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1,3-Dimethylamylamine HCL(Geranium)

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1000

1,3-Dimethylamylamine HCL(Geranium)

Although intended by Eli Lilly to be used as a nasal decongestant, Geranamine has been marketed by certain companies as a dietary supplement in combination with caffeine and other ingredients, under trade names such as Geranamine and Floradrene, to be used as an OTC thermogenic or general purpose stimulant. Geranamine itself has not been researched intensively, with its pharmacological profile not looked at since Eli Lilly filed its patent in 1944, stating that the stimulant effects on the CNS are less than that of amphetamine or ephedrine. Geranamine is not FDA approved in its own right, although it is a component of geranium oil which is approved for use in foods, and so this has been used to justify claims that it should be classified as a dietary supplement rather than a pharmaceutical product. However while it may be technically correct to say that geranamine is a dietary supplement as it is a component of the oil from Pelargonium graveolens which is approved for use in foods, geranamine comprises only 0.66% of geranium oil,[5] and pure synthetic geranamine is thus quite different from geranium oil. Synthetic geranamine is used as the active ingredient of several legal party pills.Serious adverse events including headache, nausea, and stroke have been reported in recreational users of these products.These users are suspected to have injected the compound and at doses that exceed safe usage which is why the Health Ministry of New Zealand has not moved to restrict or ban the ingredient. A Health Ministry report to the Government's expert drug committee responsible for classifying drugs said while the hospital admissions were believed to be due to Geranamine use, there was not enough evidence to ban the substance.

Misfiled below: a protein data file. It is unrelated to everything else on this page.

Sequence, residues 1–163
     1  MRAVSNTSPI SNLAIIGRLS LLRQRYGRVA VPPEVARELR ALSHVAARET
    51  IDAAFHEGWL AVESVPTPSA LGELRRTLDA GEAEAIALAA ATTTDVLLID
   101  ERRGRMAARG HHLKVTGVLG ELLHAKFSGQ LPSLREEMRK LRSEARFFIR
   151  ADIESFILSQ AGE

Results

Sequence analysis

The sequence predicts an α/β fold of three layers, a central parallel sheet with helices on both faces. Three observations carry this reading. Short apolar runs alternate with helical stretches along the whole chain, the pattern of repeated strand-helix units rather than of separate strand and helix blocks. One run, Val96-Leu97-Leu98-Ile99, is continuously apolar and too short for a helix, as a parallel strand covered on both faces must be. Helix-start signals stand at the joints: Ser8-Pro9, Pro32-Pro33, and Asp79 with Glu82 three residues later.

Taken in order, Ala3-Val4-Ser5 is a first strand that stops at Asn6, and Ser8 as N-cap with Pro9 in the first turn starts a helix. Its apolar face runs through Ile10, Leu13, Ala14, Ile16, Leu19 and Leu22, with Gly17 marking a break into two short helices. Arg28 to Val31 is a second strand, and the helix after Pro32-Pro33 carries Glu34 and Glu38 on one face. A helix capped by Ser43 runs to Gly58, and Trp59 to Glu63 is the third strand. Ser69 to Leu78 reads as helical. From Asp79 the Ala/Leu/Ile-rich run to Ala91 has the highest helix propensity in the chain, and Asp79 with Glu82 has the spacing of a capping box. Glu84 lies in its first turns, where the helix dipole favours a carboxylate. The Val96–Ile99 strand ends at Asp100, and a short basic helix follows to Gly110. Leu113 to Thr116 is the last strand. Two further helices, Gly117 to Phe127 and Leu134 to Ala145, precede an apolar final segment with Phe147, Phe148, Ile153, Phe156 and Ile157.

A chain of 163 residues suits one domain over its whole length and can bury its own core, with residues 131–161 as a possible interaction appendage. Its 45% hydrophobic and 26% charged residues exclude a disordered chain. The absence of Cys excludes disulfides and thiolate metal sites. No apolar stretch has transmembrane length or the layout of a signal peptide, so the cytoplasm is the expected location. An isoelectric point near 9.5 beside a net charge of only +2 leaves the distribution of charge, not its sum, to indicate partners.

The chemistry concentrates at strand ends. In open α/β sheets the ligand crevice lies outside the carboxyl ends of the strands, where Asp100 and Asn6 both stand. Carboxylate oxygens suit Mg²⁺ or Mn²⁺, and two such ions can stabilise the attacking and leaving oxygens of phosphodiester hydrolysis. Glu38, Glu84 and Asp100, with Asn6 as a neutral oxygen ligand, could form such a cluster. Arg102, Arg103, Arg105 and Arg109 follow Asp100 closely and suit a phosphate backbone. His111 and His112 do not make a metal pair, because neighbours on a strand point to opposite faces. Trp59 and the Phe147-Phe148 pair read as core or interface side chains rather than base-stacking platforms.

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Although intended by Eli Lilly to be used as a nasal decongestant, Geranamine has been marketed by certain companies as a dietary supplement in combination with caffeine and other ingredients, under trade names such as Geranamine and Floradrene, to be used as an OTC thermogenic or general purpose stimulant. Geranamine itself has not been researched intensively, with its pharmacological profile not looked at since Eli Lilly filed its patent in 1944, stating that the stimulant effects on the CNS are less than that of amphetamine or ephedrine. Geranamine is not FDA approved in its own right, although it is a component of geranium oil which is approved for use in foods, and so this has been used to justify claims that it should be classified as a dietary supplement rather than a pharmaceutical product. However while it may be technically correct to say that geranamine is a dietary supplement as it is a component of the oil from Pelargonium graveolens which is approved for use in foods, geranamine comprises only 0.66% of geranium oil,[5] and pure synthetic geranamine is thus quite different from geranium oil. Synthetic geranamine is used as the active ingredient of several legal party pills.Serious adverse events including headache, nausea, and stroke have been reported in recreational users of these products.These users are suspected to have injected the compound and at doses that exceed safe usage which is why the Health Ministry of New Zealand has not moved to restrict or ban the ingredient. A Health Ministry report to the Government's expert drug committee responsible for classifying drugs said while the hospital admissions were believed to be due to Geranamine use, there was not enough evidence to ban the substance.

 
 
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